This psychological horror film is like a gamified version of Final Destination. In it, six people who are able to solve a puzzle cube get invited to join an escape room game with a prize of U.S. $10,000. But what the participants don’t know is that they’re entering hell on earth. Making their escape from each room can lead to any of their deaths as they’re confronted with fatal challenges like poisonous gas and floors disappearing from under their feet. The Gamemaster is toying with them, and as the film continues, horrifying secrets come to light.
Darwin’s Game (2020)
When high school student Sudo Kaname accepts a friend’s invite to download the app Darwin’s Game, he gets bitten by a “snake” and becomes a part of a real-life game where participants must kill each other to win. Each player gets a Sigil, a special superpower to aid them on their quest. Kaname becomes surprisingly adept at the game, but he tries his best to avoid killing others. As he meets more players and forms a makeshift clan, he wonders if he can change the way the game works.
As the Gods Will (2014)
Takahata Shun (Fukushi Sota) is an ordinary high school student who finds his life boring. Imagine his surprise when, one day, he’s suddenly forced to play a deadly version of Daruma-san go koronda (Red Light, Green Light) with his classmates in school. If you fail, you die, and by the end of it, Shun becomes his classroom’s sole survivor. But the first game is just the beginning, and Shun and students from all over Japan find themselves playing all sorts of children’s games with a death penalty hanging over their heads. Shun gives his all in the games, becoming invested in saving his friends’ lives.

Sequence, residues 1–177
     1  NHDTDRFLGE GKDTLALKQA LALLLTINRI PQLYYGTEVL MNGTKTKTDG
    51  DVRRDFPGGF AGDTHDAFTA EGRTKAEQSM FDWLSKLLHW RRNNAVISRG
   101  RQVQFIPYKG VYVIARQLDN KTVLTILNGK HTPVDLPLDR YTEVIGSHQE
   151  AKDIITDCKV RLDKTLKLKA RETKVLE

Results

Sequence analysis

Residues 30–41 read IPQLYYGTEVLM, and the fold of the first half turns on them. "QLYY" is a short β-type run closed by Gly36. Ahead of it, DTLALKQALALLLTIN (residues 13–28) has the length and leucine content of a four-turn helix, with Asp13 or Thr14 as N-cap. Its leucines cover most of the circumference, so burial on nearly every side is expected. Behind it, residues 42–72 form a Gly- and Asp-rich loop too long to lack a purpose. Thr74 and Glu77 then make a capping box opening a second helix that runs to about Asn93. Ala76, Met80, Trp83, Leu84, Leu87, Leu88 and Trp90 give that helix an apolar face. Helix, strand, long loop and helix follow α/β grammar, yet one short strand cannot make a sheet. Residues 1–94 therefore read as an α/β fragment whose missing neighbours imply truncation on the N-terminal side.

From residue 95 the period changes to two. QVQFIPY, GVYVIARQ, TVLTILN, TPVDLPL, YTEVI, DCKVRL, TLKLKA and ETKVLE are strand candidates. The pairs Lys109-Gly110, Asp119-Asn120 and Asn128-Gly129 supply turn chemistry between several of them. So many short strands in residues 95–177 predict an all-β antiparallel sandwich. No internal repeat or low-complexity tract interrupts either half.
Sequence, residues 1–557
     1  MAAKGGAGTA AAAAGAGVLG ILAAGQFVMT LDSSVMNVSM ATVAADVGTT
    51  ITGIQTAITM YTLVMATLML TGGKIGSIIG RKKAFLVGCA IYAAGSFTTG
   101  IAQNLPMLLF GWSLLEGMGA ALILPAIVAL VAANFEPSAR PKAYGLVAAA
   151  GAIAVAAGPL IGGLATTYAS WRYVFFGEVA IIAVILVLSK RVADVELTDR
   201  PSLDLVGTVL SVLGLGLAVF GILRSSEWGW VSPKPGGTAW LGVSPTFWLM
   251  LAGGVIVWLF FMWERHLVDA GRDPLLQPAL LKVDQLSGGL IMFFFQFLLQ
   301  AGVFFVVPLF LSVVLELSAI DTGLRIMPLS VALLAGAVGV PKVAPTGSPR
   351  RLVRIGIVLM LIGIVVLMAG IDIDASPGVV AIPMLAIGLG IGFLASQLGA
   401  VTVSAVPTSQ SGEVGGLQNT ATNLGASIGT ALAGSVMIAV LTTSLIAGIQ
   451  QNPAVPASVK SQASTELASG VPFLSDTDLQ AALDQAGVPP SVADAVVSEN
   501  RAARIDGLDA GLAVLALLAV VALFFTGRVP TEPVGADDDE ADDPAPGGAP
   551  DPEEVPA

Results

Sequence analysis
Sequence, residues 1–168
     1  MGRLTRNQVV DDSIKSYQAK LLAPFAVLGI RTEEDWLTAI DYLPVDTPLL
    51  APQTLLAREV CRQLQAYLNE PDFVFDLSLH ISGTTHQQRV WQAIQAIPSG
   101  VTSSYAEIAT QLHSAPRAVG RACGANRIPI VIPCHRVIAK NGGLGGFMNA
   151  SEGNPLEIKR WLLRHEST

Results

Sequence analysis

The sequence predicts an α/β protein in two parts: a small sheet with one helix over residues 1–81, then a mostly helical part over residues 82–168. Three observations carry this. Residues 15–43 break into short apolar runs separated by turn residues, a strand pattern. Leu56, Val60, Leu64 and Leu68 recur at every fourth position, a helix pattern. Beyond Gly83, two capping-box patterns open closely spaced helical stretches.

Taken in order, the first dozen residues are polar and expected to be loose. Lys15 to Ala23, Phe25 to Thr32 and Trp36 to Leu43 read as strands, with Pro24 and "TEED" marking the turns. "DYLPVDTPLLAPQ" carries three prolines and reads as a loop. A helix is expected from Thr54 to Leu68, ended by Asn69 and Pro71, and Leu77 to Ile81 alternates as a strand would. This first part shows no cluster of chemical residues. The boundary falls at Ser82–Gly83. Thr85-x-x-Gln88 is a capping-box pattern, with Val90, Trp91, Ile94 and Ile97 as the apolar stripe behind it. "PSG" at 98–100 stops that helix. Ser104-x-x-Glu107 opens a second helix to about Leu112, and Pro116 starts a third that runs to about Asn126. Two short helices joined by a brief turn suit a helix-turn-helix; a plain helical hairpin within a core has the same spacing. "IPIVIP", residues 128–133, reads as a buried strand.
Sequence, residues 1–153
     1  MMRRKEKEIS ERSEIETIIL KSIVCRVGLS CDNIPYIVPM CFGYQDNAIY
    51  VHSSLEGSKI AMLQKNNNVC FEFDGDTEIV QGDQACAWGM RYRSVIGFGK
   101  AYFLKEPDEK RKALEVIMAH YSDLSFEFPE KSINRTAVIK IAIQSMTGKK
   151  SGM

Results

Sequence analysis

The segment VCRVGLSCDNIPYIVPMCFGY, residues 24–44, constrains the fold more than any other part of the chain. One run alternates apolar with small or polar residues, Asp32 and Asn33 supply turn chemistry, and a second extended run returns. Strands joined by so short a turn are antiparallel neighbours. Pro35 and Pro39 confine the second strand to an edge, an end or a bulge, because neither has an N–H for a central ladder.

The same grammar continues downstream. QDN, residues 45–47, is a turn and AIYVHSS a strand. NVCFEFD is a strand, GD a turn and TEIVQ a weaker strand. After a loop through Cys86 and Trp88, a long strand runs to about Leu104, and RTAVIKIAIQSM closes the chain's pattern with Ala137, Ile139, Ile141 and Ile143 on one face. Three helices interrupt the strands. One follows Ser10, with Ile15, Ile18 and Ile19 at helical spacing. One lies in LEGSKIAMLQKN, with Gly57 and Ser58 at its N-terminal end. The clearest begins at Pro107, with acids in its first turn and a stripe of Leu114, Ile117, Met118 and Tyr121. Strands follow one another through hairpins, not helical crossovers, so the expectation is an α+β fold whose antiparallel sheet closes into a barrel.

Some viewers have called out Squid Game for allegedly plagiarizing As the Gods Will. In the show's press conference, Squid Game director Hwang Dong Hyuk acknowledges that the first game is similar to that of As the Gods Will, but that the similarities stop there. He also mentions having worked on Squid Game as far back as 2008. The As the Gods Will manga written by Muneyuki Kaneshiro and illustrated by Akeji Fujimura came out in 2011 and 2012, with the first part made into this Takashi Miike film, released in 2014.